The program is called Pure Water San Diego. It wants to provide one-third of the city's water by 2035.
Working with Pure Water, the brewery used purified water that came from wastewater. Wastewater is water that has already been used for showers, washing dishes or flushing toilets.
Stone is a large brewery. It has customers across the U.S. and Europe. Along with its original California location, Stone also has breweries in Richmond, Virginia, and Berlin, Germany. Some of their beers are among the best in the United States.
So it was a big deal when Stone released a special beer called Full Circle Pale Ale in March. Many websites and newspapers wrote about the beer. They reported that it was made from "toilet water." Local television stations recorded people's reactions as they tasted the beer.
The story went viral.
The mayor of San Diego took a sip, and said "that'll work, that'll work."
Brewer Steve Gonzalez described the beer by saying it had "caramel" and "tropical fruit" flavors.
Stone Brewing later wrote a blog post saying it was not happy with all of the news coverage – especially reports that centered on the idea of "toilet water." But it was happy that the experiment was a success.
The beer was only made for a special event. Stone Brewing is not permitted to sell it in stores or at the brewery's restaurant.
But other brewers around the country are taking notice.
Kevin Ryan created Service Brewing Company in the southeastern U.S. state of Georgia because he loved making beer for friends and family. They told him his beer was so good, he should go into the business. So he did.
Ryan knows how important water is to the beer business.
"The southeast is always back-and-forth between drought and recovering from drought," Ryan said. "As we can afford, we will try to be responsible consumers of that water. I think it's great that somebody who's established can use their platform to do the testing and demonstrate that you can make great beer with reclaimed water."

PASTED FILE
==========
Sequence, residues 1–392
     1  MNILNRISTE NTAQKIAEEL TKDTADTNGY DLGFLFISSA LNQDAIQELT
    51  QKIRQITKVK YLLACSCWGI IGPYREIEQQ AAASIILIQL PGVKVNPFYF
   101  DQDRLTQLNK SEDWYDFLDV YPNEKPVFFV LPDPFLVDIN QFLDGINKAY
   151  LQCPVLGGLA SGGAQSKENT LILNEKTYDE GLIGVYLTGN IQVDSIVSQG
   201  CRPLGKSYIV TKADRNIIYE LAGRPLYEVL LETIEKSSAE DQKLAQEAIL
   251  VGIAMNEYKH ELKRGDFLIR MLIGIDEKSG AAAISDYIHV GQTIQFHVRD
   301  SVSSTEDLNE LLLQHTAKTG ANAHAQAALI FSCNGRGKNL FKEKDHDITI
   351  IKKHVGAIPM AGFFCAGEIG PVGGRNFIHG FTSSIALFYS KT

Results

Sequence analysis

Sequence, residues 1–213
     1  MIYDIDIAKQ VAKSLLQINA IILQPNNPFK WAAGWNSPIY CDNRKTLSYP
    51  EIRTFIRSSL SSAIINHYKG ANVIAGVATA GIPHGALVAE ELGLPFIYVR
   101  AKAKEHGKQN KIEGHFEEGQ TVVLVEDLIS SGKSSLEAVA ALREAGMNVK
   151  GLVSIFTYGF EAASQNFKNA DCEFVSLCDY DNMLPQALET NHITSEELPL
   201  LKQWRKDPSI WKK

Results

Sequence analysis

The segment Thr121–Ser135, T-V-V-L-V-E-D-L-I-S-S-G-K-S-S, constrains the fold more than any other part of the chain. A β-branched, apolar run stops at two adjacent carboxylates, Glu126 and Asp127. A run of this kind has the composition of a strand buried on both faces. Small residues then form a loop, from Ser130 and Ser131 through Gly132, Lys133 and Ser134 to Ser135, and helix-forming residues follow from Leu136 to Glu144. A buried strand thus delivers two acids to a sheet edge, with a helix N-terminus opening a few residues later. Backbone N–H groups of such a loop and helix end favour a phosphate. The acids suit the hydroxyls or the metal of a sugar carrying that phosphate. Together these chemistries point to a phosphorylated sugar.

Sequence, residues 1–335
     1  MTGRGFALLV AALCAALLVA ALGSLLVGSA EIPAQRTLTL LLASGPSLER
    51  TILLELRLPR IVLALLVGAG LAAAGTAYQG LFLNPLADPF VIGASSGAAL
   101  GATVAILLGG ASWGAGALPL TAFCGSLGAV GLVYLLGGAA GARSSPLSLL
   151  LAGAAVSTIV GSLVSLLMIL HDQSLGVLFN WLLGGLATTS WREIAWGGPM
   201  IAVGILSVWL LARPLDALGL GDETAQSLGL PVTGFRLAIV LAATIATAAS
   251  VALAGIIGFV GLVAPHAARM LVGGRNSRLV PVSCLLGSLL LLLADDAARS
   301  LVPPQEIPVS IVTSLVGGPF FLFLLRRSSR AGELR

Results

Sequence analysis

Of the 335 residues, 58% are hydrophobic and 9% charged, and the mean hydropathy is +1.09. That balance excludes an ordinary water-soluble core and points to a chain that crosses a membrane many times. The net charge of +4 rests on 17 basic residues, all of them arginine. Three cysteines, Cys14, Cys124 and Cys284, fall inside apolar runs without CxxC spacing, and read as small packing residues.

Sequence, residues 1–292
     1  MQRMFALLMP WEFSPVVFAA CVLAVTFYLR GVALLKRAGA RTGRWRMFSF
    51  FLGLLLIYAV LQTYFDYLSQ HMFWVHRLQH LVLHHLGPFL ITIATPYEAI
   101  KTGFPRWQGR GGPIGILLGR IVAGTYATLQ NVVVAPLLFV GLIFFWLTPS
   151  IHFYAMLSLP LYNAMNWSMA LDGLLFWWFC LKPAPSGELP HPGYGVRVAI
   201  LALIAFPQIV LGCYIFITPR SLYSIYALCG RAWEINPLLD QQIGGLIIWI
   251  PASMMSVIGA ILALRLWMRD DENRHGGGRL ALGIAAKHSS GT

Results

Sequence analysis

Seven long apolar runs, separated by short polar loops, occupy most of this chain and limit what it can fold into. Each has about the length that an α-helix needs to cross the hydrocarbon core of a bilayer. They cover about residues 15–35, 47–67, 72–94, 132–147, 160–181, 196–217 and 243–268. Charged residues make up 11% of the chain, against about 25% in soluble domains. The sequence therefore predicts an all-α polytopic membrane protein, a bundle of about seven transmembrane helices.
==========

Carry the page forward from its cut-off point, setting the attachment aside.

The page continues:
Ben Cook started Hangar 24, a brewery in Redlands, California. One of Hangar 24's well-known beers is a wheat beer made with locally grown oranges. He was glad that Stone Brewing's experiment got attention.
"I have a biology background," Cook said. "And water is water. It is H20, along with any minerals that are in it. I see no problem with it. But the public perception, because they don't know that it's just as clean as tap water, appears to be still pretty bad."
Cook said if his customers better understood how clean reclaimed wastewater really is, he would have "no problem" brewing beer with that kind of water.
"If there's something that's better for the environment that we can afford to do, we always opt in," Cook said.
Other American brewers have also experimented with reclaimed-water beer.
Researchers and brewers in the state of Arizona are working on a water-saving project. They received $250,000 to promote the use of reclaimed water. They are treating and using wastewater that will be used to make beer across the state this summer.
And last year, small brewers in Florida experimented with making beer from reclaimed water. They taste-tested their work at a large water-treatment conference.